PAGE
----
"Like in 2007 [when immigration reform was considered], the special interests were brought in -- they've been engaged behind closed doors to help write the bill," Sen. Sen. Jeff Sessions, R-Ala., said Thursday in a briefing before the bipartisan bill was presented. "Like 2007, this bill is amnesty before enforcement."
Sessions and Sen. David Vitter, R-La., voiced their concern surrounded by law enforcement officials just ahead of the official unveiling of the bipartisan bill, the Los Angles Times reported.
The Senate Judiciary Committee has scheduled a hearing on the immigration bill Friday.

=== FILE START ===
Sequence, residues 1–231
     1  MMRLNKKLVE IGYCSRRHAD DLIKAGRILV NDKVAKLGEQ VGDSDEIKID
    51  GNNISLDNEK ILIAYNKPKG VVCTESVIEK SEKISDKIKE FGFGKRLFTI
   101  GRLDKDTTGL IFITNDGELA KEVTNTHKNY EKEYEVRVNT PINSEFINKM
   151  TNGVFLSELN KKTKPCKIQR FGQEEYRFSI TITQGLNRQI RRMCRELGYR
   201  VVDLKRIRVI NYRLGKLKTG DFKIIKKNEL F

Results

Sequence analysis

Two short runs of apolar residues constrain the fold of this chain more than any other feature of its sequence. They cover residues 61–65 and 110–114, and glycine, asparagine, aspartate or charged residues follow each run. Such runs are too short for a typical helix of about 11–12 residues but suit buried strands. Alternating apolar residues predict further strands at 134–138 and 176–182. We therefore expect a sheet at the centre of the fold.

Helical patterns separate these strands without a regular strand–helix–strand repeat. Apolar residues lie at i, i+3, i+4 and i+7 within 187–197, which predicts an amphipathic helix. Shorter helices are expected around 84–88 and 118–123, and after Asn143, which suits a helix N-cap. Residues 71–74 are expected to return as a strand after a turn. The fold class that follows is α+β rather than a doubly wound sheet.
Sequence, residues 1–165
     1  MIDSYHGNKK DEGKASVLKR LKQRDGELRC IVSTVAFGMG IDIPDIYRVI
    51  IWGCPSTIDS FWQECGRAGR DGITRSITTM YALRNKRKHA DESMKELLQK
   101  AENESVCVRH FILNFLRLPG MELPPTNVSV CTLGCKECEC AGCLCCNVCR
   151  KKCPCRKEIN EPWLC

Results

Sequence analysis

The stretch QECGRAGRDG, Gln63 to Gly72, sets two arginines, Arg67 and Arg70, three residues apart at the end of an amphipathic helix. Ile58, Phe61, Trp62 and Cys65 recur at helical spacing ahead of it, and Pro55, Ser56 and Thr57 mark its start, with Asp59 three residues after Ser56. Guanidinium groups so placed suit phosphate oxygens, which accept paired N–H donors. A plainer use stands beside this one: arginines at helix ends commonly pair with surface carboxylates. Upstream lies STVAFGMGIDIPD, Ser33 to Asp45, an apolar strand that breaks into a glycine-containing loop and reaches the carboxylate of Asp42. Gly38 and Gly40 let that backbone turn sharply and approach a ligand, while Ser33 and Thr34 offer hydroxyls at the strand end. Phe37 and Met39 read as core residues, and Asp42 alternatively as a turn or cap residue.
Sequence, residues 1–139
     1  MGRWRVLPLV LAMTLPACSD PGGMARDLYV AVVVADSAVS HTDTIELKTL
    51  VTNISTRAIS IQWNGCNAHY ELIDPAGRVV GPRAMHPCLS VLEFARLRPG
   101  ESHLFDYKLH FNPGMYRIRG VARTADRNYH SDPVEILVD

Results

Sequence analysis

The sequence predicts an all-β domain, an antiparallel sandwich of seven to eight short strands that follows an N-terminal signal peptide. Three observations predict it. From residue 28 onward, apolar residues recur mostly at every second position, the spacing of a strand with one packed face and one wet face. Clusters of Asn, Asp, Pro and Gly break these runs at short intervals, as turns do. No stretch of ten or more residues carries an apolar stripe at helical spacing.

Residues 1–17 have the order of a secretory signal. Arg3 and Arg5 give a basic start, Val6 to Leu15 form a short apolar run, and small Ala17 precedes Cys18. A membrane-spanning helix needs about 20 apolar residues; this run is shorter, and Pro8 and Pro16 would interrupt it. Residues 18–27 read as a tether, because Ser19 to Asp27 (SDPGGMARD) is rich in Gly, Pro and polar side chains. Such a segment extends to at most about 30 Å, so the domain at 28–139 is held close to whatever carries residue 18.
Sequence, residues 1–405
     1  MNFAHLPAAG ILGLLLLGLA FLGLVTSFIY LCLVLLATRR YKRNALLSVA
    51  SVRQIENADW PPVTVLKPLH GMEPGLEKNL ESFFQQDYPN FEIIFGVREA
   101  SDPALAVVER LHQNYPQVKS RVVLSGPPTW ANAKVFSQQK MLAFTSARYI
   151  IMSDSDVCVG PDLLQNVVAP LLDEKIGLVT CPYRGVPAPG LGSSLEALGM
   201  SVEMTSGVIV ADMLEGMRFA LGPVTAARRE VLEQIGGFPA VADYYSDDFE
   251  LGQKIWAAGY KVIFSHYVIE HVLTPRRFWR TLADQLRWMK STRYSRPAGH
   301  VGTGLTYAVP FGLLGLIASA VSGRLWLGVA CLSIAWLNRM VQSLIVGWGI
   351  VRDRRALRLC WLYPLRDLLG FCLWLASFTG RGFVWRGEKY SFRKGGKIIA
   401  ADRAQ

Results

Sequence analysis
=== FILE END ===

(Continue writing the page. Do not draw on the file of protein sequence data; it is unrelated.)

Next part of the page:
The proposal presented Thursday would reinforce the U.S.-Mexico border with a double-layer fence and aerial drones and create a new guest worker program for laborers, housekeepers and others with similar low-skill jobs. Employers also would be required to verify the legal status of all workers.
The bill also would include a 13-year path to legal status, including citizenship, for 11 million people already in the United States illegally or whose visas have expired. They would have to pay fees, taxes and a $2,000 fine, among other things.
Accompanying the eight senators, four from each party, were representatives of business and labor.
"This is why we know we will succeed," said Sen. John McCain, R-Ariz., one of the so-called Gang of Eight senators.
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